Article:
which perform some operation unconditionally on every line of the first program's output (or a file). This power is increased a hundredfold by another simple addition: regular expressions. I will not get into the gory details of constructing one here, but it is extremely powerful to write a program of the form
something | awk '/expression/ {something 1}; {something 2}'
which will do "something 1" to matching lines and "something 2" to all lines. For example, to comment out any line in a perl program containing the word 'excrement', the following awk one-liner suffices:
cat program.old | awk '/excrement/ {$0 = "#" $0}; {print $0}' | cat >
OR, more succinctly,
awk '/excrement/ {$0 = "#" $0}; {print $0}' < program.old >
(NB: $0 represents the whole line.)
This has the effect of going, line-by-line, through program.old and printing out each line, but for matching lines, first prepending a "#". It looks funny, but try it -- it works.

Getting into the realm of Programs That Shouldn't Really Be One-Liners, we find many uses of awk in pipelines which are occasionally useful, but more often just fun to write. Most of these involve BEGIN and END expressions. Without wasting too much more of your precious time, a BEGIN expression is written 'BEGIN {something}' and an END expression is written 'END {something}'. Note the similarity to regular expression lines -- BEGIN matches before the program starts, and END matches after it is done. This allows things like:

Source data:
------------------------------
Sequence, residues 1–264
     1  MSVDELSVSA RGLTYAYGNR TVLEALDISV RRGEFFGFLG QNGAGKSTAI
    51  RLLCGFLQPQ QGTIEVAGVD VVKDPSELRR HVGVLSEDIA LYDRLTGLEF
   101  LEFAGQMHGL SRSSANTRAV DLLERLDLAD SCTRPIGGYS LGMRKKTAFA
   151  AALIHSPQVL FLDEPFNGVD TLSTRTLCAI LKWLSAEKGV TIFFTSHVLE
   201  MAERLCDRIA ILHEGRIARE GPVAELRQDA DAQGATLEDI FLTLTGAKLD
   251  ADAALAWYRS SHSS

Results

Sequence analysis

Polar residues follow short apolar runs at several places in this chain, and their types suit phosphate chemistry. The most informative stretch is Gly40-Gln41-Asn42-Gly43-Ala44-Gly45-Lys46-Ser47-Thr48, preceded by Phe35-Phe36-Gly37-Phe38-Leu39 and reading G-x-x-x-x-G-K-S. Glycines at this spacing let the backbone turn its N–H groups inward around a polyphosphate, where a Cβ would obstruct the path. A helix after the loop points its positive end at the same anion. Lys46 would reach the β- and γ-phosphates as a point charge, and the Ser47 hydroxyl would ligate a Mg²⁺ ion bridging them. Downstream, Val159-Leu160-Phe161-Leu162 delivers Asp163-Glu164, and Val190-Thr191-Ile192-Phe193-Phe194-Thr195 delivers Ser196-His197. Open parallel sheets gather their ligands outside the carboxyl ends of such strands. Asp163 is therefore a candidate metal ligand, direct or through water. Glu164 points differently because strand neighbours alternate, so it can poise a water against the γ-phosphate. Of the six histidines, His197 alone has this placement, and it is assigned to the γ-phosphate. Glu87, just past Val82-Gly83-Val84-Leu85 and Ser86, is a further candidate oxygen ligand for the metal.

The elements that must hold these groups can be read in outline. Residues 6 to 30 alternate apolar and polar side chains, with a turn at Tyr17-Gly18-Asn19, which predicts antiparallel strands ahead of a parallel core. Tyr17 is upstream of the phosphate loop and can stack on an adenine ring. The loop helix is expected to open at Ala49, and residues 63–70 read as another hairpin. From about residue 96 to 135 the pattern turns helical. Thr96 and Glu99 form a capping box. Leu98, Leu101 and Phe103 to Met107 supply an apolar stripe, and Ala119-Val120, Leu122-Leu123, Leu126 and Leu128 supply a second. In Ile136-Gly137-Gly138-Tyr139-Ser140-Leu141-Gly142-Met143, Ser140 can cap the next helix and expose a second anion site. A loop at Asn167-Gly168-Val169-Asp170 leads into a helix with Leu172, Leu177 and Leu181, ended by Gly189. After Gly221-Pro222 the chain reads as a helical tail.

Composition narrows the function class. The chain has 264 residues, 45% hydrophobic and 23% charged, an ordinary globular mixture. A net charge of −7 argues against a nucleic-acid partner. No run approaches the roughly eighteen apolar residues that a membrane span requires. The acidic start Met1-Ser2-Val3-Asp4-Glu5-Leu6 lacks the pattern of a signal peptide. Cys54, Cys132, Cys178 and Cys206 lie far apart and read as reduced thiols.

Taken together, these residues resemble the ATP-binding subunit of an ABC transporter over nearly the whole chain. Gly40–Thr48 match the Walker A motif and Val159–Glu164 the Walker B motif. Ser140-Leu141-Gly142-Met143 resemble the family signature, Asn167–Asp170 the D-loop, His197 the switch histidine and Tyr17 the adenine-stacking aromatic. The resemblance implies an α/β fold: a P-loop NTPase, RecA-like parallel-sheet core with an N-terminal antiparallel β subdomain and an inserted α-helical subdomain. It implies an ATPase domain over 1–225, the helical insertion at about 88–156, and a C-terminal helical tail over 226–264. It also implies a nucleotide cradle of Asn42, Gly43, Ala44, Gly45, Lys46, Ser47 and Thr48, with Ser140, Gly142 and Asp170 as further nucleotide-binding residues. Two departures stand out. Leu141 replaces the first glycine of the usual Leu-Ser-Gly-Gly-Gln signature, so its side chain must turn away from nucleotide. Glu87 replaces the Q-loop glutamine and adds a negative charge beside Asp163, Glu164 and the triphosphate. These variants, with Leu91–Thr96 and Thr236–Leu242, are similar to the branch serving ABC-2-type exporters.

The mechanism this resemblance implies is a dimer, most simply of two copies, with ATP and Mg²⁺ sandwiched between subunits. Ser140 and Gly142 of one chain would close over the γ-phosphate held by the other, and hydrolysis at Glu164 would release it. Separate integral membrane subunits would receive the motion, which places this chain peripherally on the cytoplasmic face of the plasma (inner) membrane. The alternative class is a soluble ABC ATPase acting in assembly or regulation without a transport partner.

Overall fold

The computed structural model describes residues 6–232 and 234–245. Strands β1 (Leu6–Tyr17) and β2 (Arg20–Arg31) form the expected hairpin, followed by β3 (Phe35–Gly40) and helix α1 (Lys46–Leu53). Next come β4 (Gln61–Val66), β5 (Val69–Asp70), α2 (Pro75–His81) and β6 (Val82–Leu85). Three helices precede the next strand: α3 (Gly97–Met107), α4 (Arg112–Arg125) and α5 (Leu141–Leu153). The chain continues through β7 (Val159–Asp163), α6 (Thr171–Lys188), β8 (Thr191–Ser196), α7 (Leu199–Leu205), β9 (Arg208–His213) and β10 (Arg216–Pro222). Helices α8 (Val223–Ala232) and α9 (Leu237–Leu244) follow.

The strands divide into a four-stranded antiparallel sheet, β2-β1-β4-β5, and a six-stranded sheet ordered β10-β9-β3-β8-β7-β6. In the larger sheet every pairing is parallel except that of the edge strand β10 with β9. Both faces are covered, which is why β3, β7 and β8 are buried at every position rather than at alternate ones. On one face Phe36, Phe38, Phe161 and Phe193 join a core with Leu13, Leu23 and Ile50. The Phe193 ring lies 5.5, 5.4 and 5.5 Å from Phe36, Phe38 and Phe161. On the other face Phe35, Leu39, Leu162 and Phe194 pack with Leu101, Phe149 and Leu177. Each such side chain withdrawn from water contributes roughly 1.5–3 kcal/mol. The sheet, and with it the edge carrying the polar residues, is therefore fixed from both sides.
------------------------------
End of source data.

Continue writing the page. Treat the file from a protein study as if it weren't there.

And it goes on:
cat file | awk 'BEGIN {lines = 0}; {lines++}; END {print lines}'
which is a fancy line-counter, not useful as such, but unique in that it is the first program we have seen thus far which keeps internal state in the form of the lines variable. The BEGIN is not strictly necessary, which is often the case; END, OTOH, is very useful for summarizing results, such as line counts, word counts, and the like. Now go write the hardest awk one-liners you can think of! It's a great mental exercise, and if you like a challenge, you'll enjoy it. If you are really interested, read the awk manpage for more ways to match lines (before the {}) and more ways to manipulate them (inside the {}). I have only scratched the surface.

Awk (?), a. [OE. auk, awk (properly) turned away; (hence) contrary, wrong, from Icel. ofigr, ofugr, afigr, turning the wrong way, fr. af off, away; cf. OHG. abuh, Skr. apac turned away, fr. apa off, away + a root ak, ak, to bend, from which come also E. angle, anchor.]


Odd; out of order; perverse.



Wrong, or not commonly used; clumsy; sinister; as, the awk end of a rod (the but end).




Clumsy in performance or manners; unhandy; not dexterous; awkward.

[Obs. or Prov. Eng.]


© Webster 1913.

Awk, adv.

Perversely; in the wrong way.



© Webster 1913.